The Distributed Mac

by Chuck Toporek


According to the mostly reliable ThinkSecret, Apple is planning to build Qmaster into its line of Pro Apps, including Final Cut Pro, DVD Studio Pro, and the recently released Motion. Qmaster, which is already part of Shake, is used for distributing rendering tasks to other Macs on the network.




The whole idea behind distributed computing is to use spare processor time on other machines in a network to "share the load" of a particular task. The most famous distributed computing project to date is SETI@home, from the Space Sciences Laboratory at UC Berkeley. With over 4,979,107 registered users to date, SETI@home is an ingenious use of distributed computing, since it not only allows others to share the load, it also lowered the financial burden off of what could have been a very costly project. (In case you're not familiar with SETI@home, users download a client application that downloads and crunches on data collected from the Arecibo radiotelescope in the quest for extraterrestrial intelligence. The SETI@home application can run in the background or as a screensaver to process the data. Once it has finished processing a chunk, the results are sent back to UC Berkeley, another data chunk is downloaded, and the process starts over again.)




If you look at what Apple's done in the past, once they find a technology that seems to take off, they pursue it like a cheetah chasing down a gazelle. For example, Apple introduced Rendezvous as part of Jaguar, and look where that's propagated to: iChat AV, iTunes, iPhoto, and Safari (plus not to mention where others have used it, like SubEthaEdit).




Apple seems to be pushing the whole distributed computing thread (excuse the pun), what with Xcode doing distributed builds, Qmaster possibly spreading across the Pro App line, and Xgrid grabbing a lot of attention from the scitech market. If prior history counts for anything, it really makes me wonder, what's next?




Man, I can't wait until the WWDC (June 28 to July 2, 2004) to find out.




If the rumor is true and Qmaster makes its way into the Pro Apps, what's next for distributed computing on the Mac?


3 Comments

n9yty
2004-05-10 13:06:38
Qmaster already there, sort of....
Just read your article about Qmaster coming to Final Cut Pro. I'd say that it's already got it's foot in the door. It has been part of FCP since v4.0, although the distributed option hasn't been something you can get at.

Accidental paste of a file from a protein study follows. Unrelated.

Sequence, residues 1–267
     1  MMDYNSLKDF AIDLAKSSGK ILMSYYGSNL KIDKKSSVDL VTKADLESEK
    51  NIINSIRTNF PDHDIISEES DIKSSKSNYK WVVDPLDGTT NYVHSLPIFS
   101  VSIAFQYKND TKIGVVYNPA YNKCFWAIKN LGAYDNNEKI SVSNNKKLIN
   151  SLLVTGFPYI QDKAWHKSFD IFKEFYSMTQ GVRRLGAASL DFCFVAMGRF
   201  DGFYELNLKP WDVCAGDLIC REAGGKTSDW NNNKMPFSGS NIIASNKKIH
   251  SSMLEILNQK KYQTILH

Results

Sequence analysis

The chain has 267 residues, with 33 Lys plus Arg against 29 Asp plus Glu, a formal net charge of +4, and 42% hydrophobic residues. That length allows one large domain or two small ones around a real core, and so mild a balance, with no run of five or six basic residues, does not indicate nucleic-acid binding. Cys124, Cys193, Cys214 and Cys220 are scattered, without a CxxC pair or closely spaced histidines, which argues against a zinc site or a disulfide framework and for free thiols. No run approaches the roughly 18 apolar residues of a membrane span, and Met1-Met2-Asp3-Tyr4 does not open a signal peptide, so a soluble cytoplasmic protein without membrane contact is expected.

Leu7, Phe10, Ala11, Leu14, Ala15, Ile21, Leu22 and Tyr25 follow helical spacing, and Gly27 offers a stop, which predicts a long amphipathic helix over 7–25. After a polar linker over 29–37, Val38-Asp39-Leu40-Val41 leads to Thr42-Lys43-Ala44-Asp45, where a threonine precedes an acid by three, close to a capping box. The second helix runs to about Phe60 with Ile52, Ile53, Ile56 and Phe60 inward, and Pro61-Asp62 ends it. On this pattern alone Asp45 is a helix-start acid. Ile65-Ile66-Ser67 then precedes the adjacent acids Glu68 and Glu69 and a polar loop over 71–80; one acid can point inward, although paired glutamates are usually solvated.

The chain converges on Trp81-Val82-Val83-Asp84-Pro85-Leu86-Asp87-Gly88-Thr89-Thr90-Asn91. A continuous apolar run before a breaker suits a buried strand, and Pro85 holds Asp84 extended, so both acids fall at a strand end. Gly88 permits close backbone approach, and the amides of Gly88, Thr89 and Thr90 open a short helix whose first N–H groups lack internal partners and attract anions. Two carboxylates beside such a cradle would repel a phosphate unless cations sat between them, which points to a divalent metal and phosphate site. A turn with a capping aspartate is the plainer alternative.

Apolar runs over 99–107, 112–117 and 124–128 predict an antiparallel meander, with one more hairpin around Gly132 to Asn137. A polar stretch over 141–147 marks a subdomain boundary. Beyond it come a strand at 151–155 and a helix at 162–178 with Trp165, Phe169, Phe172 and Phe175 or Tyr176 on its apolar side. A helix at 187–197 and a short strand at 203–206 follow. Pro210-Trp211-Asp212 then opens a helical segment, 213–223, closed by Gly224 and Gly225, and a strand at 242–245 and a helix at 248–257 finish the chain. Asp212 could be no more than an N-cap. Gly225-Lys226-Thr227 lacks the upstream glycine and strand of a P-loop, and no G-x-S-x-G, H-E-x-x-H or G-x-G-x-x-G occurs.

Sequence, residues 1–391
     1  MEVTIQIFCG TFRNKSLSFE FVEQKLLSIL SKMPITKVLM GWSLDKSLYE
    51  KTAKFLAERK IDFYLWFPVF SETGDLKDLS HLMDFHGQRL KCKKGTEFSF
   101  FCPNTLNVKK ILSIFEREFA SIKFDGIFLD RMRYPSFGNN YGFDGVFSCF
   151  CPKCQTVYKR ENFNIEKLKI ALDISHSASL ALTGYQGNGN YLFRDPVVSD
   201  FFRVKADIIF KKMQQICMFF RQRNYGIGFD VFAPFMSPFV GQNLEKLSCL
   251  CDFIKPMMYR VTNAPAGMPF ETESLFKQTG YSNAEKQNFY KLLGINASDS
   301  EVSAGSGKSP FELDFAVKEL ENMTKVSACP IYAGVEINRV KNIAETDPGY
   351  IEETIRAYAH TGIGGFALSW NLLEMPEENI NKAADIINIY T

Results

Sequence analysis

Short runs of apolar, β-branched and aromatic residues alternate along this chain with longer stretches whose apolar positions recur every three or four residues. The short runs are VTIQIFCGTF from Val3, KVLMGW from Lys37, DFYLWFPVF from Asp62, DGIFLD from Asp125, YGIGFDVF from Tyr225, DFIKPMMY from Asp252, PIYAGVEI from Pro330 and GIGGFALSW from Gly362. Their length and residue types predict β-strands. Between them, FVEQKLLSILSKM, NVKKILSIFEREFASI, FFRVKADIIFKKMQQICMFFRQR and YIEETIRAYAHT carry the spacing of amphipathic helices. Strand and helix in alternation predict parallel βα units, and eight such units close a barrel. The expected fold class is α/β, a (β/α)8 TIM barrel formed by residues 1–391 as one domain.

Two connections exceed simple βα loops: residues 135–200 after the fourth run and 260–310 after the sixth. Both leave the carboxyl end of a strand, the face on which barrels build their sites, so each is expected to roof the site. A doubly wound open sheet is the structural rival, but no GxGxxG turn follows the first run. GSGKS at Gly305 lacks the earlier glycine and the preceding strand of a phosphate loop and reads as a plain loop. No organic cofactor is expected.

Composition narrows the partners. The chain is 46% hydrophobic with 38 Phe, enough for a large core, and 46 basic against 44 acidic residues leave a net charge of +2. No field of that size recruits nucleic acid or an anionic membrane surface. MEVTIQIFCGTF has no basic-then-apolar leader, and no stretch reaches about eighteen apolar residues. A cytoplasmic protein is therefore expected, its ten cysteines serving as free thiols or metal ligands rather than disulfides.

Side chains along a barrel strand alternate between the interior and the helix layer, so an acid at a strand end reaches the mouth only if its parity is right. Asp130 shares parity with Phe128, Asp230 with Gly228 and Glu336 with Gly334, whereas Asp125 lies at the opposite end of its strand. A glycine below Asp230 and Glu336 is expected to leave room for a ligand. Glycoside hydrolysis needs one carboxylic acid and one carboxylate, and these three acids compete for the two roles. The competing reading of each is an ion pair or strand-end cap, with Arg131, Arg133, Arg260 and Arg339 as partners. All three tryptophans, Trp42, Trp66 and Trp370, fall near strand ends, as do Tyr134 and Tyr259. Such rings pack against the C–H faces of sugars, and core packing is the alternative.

I just ran into it for the first time the other day when our video guy was trying to use the Compressor module of FCP on a new upgrade to FCP 4.5. He kept getting an error message that it couldn't connect to the background process.


Lots of digging later and it turned out that DNS and reverse-DNS weren't set up properly for his machine, and Qmaster wouldn't start up. Hmmmm... Why would software designed for a single-user machine need to know it's IP? Also, why would Compressor need to know your e-mail address and SMTP server? Putting these parts together, I drew the conclusion that it would soon be possible to have computers running Qmaster to which you could submit your encoding tasks, and receive an e-mail when they were done.


Who knows what will be released, but I thought I'd say that you are definitely on the right track. ;-)

mjcnewsgroups
2004-05-10 13:25:51
Try Folding@home for a distributed computing project
Hey everyone,


If you're interested in distributed computing and want to help cure disease, check out this site:


http://teammacosx.homeunix.com/


It's a much better use of time and processing power than SETI, IMHO.


It's available for virtually every OS there is. For the main project site, see:


http://www.stanford.edu/group/pandegroup/folding/


senjaz
2004-05-11 09:43:00
Try Folding@home for a distributed computing project
The folding@home client is also optimised for PPC and so it does use the vector processor in G4s and G5s, where as SETI is not. The SETI team refused to fork their code to optimise for any chipset and as such waste a large amount of potential resource.


Also note that if you have a dual processor box you have to run the folding client twice to take advantage of the second processor because it's not multithreaded - you do two work units at the same time.